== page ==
Never Forget: The Lynching of John Carter

Little Rock, AR (1927) – On April 12, 1927, an 11-year-old white girl named Floella McDonald disappeared on her way home from the library. Family, friends, and police searched for her for weeks. On April 30, a Black janitor in the First Presbyterian Church found her body in the church

Although Lonnie never wrote or signed a written confession, police claimed he confessed verbally after they questioned the teenager for 24 hours, without food, or sleep. According to police Chief Burl Rotenberry, after confessing Lonnie led him to a garage where he had hidden Floella’s hat and book. 

Upon hearing of Lonnie’s arrest and confession, several thousand white people went to the jail and demanded that the police turn Lonnie over to them. Instead, Chief Rotenberry sent Lonnie to an out-of-town jail to keep him safe. 

Although mob activity in the city dissipated over the next few days, tensions over the murder of Floella remained high. 

That tension would boil over on May 4, when a 38-year-old Black man named John Carter, was accused of assaulting a white woman and her daughter near downtown Little Rock. John was a local man who some said was mentally disabled. That morning Mrs. B.E. Stewart, age 45, and her daughter Glennie, age 17, were driving on a rural road, headed towards Little Rock when they said a Black man approached them. Some accounts said their horses were out of control and John grabbed the reins to help the women. Others said he jumped in the wagon, demanded whiskey, knocked them to the ground, and ran into the woods. 

When the women’s family heard that a Black man had jumped on their wagon, Sheriff Mike Haynie organized a posse. Hundreds of people came from Little Rock to help in an all-day search for John.

Later that day, two officers spotted John and the posse grabbed him. Glennie arrived and identified him as the man who had attacked her and her mother.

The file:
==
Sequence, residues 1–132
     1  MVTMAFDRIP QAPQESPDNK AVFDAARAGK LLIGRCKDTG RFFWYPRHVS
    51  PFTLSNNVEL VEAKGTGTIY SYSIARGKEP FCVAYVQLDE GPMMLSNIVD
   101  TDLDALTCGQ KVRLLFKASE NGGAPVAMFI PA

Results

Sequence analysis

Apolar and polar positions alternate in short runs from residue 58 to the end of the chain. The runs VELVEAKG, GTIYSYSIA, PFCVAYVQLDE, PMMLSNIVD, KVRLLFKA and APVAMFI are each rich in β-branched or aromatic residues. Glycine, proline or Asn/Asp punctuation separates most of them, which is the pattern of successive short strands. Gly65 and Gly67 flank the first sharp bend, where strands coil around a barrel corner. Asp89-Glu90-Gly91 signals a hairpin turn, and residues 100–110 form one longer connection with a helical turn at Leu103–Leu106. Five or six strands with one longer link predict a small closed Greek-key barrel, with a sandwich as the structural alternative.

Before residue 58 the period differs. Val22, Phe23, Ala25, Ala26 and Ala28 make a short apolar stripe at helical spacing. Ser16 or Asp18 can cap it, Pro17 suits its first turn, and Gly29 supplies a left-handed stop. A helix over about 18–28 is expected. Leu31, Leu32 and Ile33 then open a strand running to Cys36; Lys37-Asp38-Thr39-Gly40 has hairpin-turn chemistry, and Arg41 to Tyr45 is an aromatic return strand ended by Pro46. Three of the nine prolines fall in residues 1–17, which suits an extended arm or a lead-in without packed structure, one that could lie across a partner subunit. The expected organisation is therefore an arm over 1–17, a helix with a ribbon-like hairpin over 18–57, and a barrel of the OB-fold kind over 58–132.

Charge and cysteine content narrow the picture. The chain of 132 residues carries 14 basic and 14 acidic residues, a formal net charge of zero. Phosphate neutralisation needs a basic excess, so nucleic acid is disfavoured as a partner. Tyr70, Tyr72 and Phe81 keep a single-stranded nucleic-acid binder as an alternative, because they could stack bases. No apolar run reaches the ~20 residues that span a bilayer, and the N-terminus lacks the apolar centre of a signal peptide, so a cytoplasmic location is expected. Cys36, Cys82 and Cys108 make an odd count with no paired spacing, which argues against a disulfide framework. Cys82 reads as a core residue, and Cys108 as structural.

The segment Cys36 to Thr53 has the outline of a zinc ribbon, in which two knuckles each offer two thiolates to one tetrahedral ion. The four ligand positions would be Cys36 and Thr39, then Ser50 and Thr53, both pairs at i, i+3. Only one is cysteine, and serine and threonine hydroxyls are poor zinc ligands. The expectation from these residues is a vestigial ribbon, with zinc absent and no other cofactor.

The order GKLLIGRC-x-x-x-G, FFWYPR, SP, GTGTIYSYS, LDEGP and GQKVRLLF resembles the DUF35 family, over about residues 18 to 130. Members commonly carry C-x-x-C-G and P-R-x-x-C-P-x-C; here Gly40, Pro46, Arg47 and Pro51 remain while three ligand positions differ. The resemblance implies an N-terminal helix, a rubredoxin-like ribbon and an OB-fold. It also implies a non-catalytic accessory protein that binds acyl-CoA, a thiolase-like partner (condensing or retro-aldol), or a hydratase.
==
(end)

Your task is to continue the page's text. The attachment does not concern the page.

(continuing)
The mob took John to a telephone pole and beat him with a revolver, demanding that he confess. Peace officers later said they tried to intervene but armed men threatened them. They put a rope around his neck, threw it over the telephone pole and told him to climb on top of a car. Men then pulled John off the car by his neck with the rope, then someone drove the car out from under him, leaving him swinging in the air. A line of fifty men fired guns at John, striking him more than two hundred times. 

Even though someone took a picture of John’s hanging body that showed the mob members, none of them admitted they were there. The sheriff brought a coroner to write a report saying John had been killed by “parties unknown in a mob.”

The mob tied John’s body to the bumper of a car and dragged it through Little Rock for an hour. Finally, at around 7pm, the mob stopped at 9th Street and Broadway, the center of the Black business district, and set John’s body on fire. The mob, which had grown to thousands by this time, was shouting, firing guns into the air, cursing, yelling, and dancing. 

For the next several hours thousands of white people rioted in the intersection and surrounding Black neighborhood. Three hours after the rioting began, Governor John Martineau deployed the Arkansas National Guard to the scene. Upon arrival, they found a member of the mob directing traffic with a charred arm that had been broken off of John’s body. Soon thereafter, the crowd was dispersed. 

No one was ever charged or prosecuted for lynching John Carter. A grand jury was convened to investigate the incident, but it deadlocked and was dismissed without issuing indictments.

A jury deliberated for only twelve minutes before convicting Lonnie Dixon of killing Floella McDonald. He was executed in the electric chair on June 24, 1927, his sixteenth birthday.

 

 


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